The West Virginia Legislature has passed a bill establishing a $2,500 fee for producers that want to make modifications to existing horizontal natural gas well permits. Senate Bill 404 passed both Republican-controlled chambers last week and is headed to Republican Gov. Jim Justice’s desk, who is expected to sign it. The bill was introduced in…
Articles from West Virginia
EQT Corp. is planning more drilling and completion activity this year in West Virginia, where it will focus on lowering well costs in a state that’s home to a large chunk of its assets. “I think when you step back and look at the assets that we have, about 40% of our leasehold is in…
West Virginia is once again grappling with a budget shortfall as severance tax collections have so far missed the mark this fiscal year, which began in July, as natural gas prices stagnate and coal demand remains lackluster.
Viper Capital Partners LLC, a Houston-based investment firm, has acquired rights across two conventional oilfields in western West Virginia, where an affiliate plans to develop Berea Sandstone wells with shallow horizontal drilling technology.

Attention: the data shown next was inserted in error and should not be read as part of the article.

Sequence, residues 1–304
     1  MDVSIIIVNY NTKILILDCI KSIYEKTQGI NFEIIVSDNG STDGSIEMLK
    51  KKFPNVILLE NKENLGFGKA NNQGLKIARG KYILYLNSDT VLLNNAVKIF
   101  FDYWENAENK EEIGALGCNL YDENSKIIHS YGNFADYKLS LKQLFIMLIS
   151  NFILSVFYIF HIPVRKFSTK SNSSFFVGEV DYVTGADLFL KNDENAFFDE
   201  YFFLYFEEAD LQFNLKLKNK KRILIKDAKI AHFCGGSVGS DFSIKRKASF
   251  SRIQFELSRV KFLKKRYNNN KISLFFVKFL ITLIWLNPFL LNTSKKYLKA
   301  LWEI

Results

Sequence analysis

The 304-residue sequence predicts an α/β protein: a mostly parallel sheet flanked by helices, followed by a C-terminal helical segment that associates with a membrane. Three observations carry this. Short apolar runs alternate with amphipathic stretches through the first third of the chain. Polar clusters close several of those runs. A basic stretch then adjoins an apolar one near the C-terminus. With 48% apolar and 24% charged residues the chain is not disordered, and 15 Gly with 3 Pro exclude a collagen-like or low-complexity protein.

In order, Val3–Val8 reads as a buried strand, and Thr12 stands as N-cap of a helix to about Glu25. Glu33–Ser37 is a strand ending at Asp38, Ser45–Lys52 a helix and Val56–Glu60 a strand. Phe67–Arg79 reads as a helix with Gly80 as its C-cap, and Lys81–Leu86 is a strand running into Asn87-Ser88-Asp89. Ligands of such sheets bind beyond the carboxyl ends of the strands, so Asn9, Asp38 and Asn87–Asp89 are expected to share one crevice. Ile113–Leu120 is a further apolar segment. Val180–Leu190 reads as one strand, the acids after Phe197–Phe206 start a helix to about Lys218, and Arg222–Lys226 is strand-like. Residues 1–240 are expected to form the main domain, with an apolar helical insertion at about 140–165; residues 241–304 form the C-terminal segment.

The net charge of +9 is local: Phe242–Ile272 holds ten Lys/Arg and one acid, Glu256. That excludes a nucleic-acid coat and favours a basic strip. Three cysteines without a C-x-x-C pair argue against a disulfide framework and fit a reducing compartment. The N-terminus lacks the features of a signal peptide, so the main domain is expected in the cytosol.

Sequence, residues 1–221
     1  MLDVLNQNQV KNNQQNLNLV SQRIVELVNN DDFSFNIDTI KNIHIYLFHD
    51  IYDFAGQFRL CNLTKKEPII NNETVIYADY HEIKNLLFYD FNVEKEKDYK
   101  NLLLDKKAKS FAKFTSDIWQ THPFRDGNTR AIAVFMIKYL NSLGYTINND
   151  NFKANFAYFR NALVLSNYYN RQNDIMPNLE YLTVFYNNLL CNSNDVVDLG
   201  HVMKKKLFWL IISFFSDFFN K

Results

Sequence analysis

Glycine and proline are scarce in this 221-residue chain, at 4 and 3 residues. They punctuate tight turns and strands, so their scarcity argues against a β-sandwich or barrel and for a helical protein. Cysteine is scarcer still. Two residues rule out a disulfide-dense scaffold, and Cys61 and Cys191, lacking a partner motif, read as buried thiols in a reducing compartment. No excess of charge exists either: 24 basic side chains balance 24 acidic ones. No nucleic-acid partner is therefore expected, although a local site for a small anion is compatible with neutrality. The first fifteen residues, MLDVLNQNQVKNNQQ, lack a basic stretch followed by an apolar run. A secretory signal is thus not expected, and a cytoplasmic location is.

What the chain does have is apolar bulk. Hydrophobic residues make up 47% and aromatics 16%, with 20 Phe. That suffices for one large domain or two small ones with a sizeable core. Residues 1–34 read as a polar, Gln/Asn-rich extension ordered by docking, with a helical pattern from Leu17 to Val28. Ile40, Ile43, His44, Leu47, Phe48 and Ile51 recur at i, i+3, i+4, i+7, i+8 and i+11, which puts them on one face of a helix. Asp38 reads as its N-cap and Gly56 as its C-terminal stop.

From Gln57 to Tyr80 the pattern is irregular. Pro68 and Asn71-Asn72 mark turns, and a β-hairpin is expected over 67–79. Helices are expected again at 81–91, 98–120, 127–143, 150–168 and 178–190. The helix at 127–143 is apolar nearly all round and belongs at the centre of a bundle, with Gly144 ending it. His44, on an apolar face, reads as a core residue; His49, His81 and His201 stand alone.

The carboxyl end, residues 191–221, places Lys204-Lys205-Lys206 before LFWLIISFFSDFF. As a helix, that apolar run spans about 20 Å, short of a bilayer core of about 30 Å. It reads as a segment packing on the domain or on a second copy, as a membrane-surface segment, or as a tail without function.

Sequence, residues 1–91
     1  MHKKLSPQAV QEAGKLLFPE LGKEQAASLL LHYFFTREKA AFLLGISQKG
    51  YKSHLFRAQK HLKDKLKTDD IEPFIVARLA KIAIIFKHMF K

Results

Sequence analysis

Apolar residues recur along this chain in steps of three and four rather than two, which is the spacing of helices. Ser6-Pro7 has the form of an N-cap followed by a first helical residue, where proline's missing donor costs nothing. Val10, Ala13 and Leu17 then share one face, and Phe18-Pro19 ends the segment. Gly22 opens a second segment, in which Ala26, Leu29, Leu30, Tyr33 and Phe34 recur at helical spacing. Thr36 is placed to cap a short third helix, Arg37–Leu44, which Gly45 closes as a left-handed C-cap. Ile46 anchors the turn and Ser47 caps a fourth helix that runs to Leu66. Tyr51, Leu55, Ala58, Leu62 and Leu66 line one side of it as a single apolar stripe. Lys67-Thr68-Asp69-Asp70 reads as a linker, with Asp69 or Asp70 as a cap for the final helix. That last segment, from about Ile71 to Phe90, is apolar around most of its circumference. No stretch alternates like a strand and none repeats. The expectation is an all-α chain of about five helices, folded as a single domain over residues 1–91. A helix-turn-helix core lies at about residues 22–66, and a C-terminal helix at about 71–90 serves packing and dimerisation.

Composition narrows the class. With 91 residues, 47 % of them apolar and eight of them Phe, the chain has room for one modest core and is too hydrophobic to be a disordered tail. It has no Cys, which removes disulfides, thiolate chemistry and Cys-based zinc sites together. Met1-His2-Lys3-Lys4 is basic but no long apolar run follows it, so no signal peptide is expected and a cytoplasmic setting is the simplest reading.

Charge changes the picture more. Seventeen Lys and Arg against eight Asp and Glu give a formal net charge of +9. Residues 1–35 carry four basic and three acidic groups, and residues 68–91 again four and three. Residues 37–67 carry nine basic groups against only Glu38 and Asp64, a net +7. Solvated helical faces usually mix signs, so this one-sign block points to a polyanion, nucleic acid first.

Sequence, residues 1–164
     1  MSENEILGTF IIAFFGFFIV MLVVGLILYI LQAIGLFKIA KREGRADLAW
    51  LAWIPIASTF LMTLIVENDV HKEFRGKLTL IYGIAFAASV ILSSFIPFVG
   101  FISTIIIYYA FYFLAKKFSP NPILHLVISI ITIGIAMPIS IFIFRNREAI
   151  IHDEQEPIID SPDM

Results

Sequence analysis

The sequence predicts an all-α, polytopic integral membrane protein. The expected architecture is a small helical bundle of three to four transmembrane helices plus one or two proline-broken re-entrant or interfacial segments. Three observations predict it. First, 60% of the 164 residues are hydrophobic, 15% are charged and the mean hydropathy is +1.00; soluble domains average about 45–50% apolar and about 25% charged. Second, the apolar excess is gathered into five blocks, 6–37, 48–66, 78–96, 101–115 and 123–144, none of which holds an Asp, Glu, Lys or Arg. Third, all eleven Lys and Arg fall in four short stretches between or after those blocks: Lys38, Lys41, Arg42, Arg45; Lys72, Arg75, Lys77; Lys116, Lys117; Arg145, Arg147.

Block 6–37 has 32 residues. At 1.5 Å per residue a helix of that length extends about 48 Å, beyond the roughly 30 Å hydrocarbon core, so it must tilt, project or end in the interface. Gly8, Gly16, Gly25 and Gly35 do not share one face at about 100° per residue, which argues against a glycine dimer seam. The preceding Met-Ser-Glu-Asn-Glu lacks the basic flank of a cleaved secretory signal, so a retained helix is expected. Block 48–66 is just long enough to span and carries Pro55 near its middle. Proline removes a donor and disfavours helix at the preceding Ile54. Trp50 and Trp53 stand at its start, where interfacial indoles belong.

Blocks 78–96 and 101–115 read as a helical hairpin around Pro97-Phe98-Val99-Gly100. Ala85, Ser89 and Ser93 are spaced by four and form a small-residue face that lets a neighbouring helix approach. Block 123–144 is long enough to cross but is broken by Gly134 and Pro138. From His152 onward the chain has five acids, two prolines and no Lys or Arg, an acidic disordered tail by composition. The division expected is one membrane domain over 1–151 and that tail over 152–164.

West Virginia oil and natural gas production both grew by double-digits last year, reflecting similar increases from unconventional wells in nearby Ohio and Pennsylvania that are likely to be tempered as operators continue to pull back across the Appalachian Basin.
Plans for a multi-billion dollar ethane cracker in West Virginia are once again uncertain, as Braskem SA confirmed late Wednesday that it has hired a financial adviser to evaluate strategic alternatives for a nearly 400 acre site it owns in the state.
West Virginia Gov. Jim Justice in an unexpected move has vetoed two bills aimed at helping smaller natural gas producers in the state.
A high-priority bill to modernize deep well spacing laws has failed in West Virginia, where the legislature’s 60-day regular session came to an end last weekend with mixed results for the oil and natural gas industry.
With less than a month before the West Virginia Legislature’s 60-day regular session concludes, a suite of oil and natural gas-related bills is advancing in what has so far been a calmer year for the industry at the capitol, especially compared to 2018 when it won a long-fought battle for co-tenancy.